Tudelsacks, Orangutans and Marriage
For The Wedding of:
Simon (balletomane and Scottish Country Dancer)
and Meredith (chorister and Scottish Country Dancer)
The majority of husbands, said the French novelist Balzac, remind you of an orangutan trying to play the violin. How true, how true, how devastatingly true. We’ve all witnessed it, over and over again, have we not? It makes you want to weep.
Women, like violins, are subtle, delicate and mysterious creatures, of infinite tonal potential, moods and character; sonorous, dark, rich, devious, ambiguous, deep, mother-earthy; silvery pure, ethereal, light, glittering, graceful; humorous, quirky, bouncy, buoyant.
They require the sensitivity, understanding, imagination, the empathy and dazzling technique of a virtuoso, to sing the melodies they have it in them to sing. Yet all they get, usually, is an unmusical, fumbling, philistine, an orangutan.
The majority of wives though, denied their natural role as violin, remind you of a corgi or a jack russel, trying to play the bagpipes. Darting, yapping, whining, nagging; attempting to draw from a lazy, uncomplicated bag of wind, from a great bladder of blah, a sweet melody, when all it is capable of is a droning, burping, squawking, belching, cacophonous caterwaul.
Ah well....That is marriage. Attempting the impossible. A sweet duet on a violin and bagpipes played by an orangutan and a corgi. Hopeless. Why do we bother with it?
Because it can work, has worked, does work, and not as infrequently as we are led to suppose. The impossible, like God, is worth reaching for, aspiring to.
My very favourite composer is Johann Sebastian Bach. He, in his sonatas and partitas for unaccompanied violin, has worked greater miracles on a violin than any composer on earth. Although it is inconceivable that such a genius should stoop so low as even to notice, let alone write for the bagpipes, nonetheless, we find that in the very final chorus of his charming Peasant Cantata, which is all about a bucolic wedding ceremony, the bagpipe and the violin converge, after a fashion. The violin plays its sprightly melody to the words:
Wir gehn nun, wo der Tudelsack
der Tudel, Tudel, Tudel Tudel Tudel Tudelsack.
In unsrer Shenke brummt........
And the word Tudelsack, as I am sure you have all divined, is German for bagpipes.
The impossible has been achieved. The bagpipes and the violin have come together in sweet harmony and what is more, in celebration of a marriage, and in the music of the greatest of all the world’s composers! Nothing is impossible. Not even a happy marriage.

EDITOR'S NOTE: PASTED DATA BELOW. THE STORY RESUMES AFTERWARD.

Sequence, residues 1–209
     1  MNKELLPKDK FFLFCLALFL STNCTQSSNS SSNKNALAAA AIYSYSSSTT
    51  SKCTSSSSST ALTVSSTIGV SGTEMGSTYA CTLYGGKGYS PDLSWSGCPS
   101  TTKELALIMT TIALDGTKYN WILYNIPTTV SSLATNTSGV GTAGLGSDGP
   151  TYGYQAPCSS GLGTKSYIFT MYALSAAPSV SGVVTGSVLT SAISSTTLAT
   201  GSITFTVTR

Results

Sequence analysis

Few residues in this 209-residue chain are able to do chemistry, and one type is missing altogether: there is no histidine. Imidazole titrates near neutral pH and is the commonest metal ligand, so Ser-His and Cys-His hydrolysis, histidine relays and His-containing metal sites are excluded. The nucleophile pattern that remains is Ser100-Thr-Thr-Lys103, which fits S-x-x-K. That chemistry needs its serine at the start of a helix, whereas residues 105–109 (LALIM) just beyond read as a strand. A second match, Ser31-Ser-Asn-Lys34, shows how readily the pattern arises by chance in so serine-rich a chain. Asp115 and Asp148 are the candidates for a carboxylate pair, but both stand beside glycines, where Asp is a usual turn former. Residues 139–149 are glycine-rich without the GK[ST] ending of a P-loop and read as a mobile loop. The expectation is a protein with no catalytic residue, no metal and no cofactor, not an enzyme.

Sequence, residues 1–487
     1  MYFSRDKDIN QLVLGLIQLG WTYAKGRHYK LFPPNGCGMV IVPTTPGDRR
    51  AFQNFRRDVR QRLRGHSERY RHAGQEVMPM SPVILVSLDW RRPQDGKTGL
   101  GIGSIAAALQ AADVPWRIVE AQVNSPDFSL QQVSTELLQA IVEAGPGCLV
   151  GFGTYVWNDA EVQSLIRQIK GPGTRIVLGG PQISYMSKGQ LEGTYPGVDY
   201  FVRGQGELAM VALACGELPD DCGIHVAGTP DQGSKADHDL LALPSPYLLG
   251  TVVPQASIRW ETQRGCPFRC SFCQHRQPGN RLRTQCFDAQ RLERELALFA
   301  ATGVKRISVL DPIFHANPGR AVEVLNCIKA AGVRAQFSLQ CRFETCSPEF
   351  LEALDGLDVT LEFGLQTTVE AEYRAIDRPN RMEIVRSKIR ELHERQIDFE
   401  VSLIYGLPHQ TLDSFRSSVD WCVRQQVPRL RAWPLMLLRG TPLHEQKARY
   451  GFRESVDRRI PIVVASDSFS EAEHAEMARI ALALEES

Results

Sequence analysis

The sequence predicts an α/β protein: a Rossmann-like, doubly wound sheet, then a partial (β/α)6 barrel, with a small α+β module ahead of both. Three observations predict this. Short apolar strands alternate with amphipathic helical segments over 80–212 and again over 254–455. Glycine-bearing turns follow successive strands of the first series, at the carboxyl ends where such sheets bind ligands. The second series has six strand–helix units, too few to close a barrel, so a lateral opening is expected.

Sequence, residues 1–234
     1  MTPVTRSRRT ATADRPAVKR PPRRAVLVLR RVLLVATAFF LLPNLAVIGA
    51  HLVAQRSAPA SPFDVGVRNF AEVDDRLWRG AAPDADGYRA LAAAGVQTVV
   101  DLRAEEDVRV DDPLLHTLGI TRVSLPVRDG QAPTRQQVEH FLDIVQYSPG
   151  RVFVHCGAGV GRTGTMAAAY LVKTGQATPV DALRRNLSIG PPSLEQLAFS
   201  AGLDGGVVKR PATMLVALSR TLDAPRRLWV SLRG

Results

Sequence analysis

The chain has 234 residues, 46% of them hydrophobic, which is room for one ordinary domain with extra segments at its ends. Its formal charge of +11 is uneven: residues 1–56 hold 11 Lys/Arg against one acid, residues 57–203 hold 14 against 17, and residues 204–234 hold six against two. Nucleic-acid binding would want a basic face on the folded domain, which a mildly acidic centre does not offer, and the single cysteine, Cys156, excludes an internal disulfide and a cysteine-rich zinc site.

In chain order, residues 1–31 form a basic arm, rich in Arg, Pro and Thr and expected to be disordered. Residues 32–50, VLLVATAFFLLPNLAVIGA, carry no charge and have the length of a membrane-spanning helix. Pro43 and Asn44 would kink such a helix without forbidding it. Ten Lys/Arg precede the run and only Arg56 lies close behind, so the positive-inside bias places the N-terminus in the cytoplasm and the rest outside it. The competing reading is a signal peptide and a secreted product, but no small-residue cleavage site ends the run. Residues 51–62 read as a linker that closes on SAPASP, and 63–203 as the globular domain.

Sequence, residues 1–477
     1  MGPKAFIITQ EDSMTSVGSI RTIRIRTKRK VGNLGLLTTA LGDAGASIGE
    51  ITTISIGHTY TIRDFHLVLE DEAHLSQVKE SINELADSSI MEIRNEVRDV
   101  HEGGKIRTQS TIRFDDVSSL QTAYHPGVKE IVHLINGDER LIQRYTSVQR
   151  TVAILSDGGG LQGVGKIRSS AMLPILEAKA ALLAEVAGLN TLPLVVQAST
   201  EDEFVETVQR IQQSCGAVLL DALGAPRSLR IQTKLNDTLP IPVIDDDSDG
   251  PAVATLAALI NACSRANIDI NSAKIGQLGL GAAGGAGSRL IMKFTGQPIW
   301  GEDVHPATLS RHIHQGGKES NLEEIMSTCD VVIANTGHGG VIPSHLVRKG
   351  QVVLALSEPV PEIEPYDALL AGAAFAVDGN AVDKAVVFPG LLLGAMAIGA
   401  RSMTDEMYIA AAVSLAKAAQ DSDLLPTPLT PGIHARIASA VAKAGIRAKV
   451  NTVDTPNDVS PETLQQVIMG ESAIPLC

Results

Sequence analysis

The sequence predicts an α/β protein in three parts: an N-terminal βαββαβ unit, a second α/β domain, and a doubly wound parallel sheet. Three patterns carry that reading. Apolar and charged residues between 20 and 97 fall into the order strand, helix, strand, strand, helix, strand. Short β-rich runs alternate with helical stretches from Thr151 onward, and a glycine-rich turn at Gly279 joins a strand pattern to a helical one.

The musical miracle is pulled off by the genius of Bach, but what of the happy marriage miracle, what is it that makes possibly possible such an impossibility?
It is the vow, the devastating vow, which, if profoundly meant, and therefore resolutely kept, binds Simon and Meredith together,
for better for worse,
for richer for poorer,
in sickness and in health,
to love and to cherish until death parts them.
The groom today, Simon, gives as his wedding present to his bride, Meredith, the assurance that he will never ever, ever reject or turn his back on her, will never, ever, in any circumstance whatsoever, abandon her.
She is freed to be herself, then, she doesn’t have to pretend to be other than who she is, in case she loses him, in fear of him abandoning her. She can play the melody that she has it in her to play, she can be the melody that she has it in her to be, can find and be her true self in his steadfast, uncompromising love, secure, in complete trust, that he will never abandon her, ever.
She is given love’s freedom to be herself. And vice versa, this is also Meredith’s gift to Simon, and it is only in freedom such as this, that the miracle of happiness can sometimes be realised to sing, soar and dance.
The wedding present of wedding presents this. Far more precious than anything money can buy. It make possibly possible the impossible; a Paganini of an Organutang; a Tudelsack so mellifluously euphonius as to blend with a violin; a man and a woman one flesh.....
It is no wonder that in Bach’s little cantata they sing at the end of it all:
We’re going to the tavern
where the merry bagpipe drones
and shout full of glee
Long live Dieskau
(or Simon, or Meredith) and their kin,
May they be granted whatever they desire
and whatever they have set their heart on.
Grace At the Reception
We thank you Lord for song and dance
Both of which can spark romance
That kindles into wedded bliss
And so to happy days like this.
With Meredith espoused as wife
Simon’s hobby’s made his life,
For love his life has so enhanced
His every step from now is danced.
While Meredith as Simon’s wife
Has had her hobby made her life
With Simon’s love declared life long
Her every syllable’s a song.
Lord, let your music of the spheres
Inspire their marriage down the years,
And every step of their romance
Adumbrate the cosmic dance.
If you’ll excuse my French, “un peu”,
Grant them a heavenly “pas des deux”,
And may a deep harmonious chord
Best symbolise their sweet accord,
And now let wit and mirth resound
And copious food and drink abound
Fuelling joy beyond all measure,
And happiness, delight and pleasure. Amen.